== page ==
In our own lives, we might find that the Law is not an alien word, whether we call it our conscience or our values, our Holy Writ, or our municipality’s laws and regulations. We have an inner sense of justice that does not correspond on the other side with mercy. Not that we can’t be merciful to each other, but when someone takes something from us, our initial thought is rarely, “I assume they need it more than me.”
But God’s words of promise to us are indeed alien words. They come from outside of us, and they seem unfair, maybe unnatural. A God who dies on behalf of the wicked, and eschews any of the tribalism that is the calling card of so many religious groups, seems to cut against the grain of what we know of gods and goddesses. This alien, external word tells us that judgment is coming, but it has been paid for in the passion of another.
When I decide to graciously let you cut in line, feed the poor, or donate charitably for a good cause, I am not necessarily doing anything that only the revealed word of God could tell me to do. Illiterate and unlearned people can be as gracious as the most sophisticated theologian. Our collective graciousness, imperfect as it is, only serves to point others to the real thing. And even then, our graciousness pales in comparison to the words of Christ’s grace.
Yet this is our calling, to point others to the real thing: the grace of God in the Cross of Christ. We show the way to Jesus when we let the Law and the conscience do its damning business, however it might, and then we proclaim the external Word that became flesh and dwelt among us to save. And to do this, we need to make sure we distinguish the commands from the promises by properly distinguishing Law from Gospel. We must let the Law do its damage albeit through conscience, actions, or spoken words, and then get to the Good Physician and the Gospel as fast as we can.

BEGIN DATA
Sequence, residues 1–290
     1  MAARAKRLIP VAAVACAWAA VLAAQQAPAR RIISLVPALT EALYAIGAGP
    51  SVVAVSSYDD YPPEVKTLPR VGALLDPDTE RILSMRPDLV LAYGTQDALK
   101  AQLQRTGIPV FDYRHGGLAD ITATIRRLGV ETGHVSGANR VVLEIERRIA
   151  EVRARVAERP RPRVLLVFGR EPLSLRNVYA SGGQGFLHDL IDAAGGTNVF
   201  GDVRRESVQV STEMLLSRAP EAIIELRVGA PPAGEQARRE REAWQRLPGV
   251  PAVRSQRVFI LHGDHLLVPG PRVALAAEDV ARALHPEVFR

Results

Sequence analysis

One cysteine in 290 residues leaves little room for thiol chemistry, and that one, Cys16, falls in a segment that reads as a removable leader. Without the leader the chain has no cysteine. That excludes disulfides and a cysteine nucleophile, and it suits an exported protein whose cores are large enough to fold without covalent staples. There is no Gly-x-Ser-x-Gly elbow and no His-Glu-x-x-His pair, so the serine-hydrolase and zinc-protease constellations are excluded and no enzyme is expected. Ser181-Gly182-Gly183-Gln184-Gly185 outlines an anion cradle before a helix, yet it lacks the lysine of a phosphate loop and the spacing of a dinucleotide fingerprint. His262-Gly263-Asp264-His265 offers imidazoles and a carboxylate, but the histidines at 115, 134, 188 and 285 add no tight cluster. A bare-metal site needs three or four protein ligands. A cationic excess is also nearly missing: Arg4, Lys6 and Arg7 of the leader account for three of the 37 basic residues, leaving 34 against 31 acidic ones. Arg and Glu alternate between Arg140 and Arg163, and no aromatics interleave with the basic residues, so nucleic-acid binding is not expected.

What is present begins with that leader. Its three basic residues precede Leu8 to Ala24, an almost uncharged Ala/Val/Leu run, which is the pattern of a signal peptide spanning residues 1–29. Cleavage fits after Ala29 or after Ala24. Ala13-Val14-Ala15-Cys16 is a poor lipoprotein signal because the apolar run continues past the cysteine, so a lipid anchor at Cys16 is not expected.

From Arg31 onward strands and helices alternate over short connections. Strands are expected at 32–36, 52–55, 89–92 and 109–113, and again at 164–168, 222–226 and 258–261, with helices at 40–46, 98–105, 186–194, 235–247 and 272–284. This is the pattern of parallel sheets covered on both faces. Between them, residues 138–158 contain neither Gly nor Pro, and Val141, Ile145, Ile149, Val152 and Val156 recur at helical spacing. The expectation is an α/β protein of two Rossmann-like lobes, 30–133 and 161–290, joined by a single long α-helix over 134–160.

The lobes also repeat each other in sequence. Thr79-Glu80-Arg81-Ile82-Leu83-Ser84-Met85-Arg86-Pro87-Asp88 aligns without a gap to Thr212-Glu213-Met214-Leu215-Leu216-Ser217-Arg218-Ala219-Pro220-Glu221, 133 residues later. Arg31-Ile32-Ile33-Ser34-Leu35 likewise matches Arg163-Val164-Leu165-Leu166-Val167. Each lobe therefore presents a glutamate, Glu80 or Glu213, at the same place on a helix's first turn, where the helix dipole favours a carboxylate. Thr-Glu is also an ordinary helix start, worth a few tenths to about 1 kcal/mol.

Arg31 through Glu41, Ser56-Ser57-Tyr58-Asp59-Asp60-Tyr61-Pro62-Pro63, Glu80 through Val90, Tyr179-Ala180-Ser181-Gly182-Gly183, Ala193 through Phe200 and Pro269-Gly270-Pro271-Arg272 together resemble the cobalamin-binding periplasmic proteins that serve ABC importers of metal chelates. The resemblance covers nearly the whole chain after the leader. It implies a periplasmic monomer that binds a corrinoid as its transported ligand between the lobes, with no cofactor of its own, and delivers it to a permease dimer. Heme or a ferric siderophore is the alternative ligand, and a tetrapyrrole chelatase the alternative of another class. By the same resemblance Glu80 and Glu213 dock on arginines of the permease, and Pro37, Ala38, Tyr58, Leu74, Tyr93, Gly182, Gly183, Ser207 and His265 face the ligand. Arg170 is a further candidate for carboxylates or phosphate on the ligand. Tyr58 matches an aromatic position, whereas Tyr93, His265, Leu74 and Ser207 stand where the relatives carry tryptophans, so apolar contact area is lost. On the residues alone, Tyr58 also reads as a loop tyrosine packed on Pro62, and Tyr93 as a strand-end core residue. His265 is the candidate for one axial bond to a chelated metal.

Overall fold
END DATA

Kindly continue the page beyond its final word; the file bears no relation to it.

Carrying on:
If you’ve ever been in an ambulance (because you yourself needed the ambulance), you know the fear of staring up at the paramedics as they try to stabilize you on the way to the hospital. While there might be initial fear, and even pain, it is a best practice to follow the instructions, or possibly just get out of the way, of those in charge of getting you to the physician. What if I were to refuse this or that ambulance because I didn’t care for the tone of one siren or the size of its rear cab? You would think that I was insane (funny enough, when I went in my first ambulance it was on account of a kind of insanity, yet I still got in the ambulance). Preaching the Law is like getting in the ambulance. Just as the paramedic takes you to the physician, the Law takes you, like a beggar, to the alien word of righteousness from another.
The Law is necessary, and using words to preach it is often necessary. But without the world-changing, sin-forgiving, chain-breaking external Word of promise, we are left with, at best, a nagging sense of “should,” and we miss the true peace offered by the Gospel. Perhaps, then the best update to St. Assisi’s original words are the following, “Always preach the Law and the Gospel, use words if and when necessary.”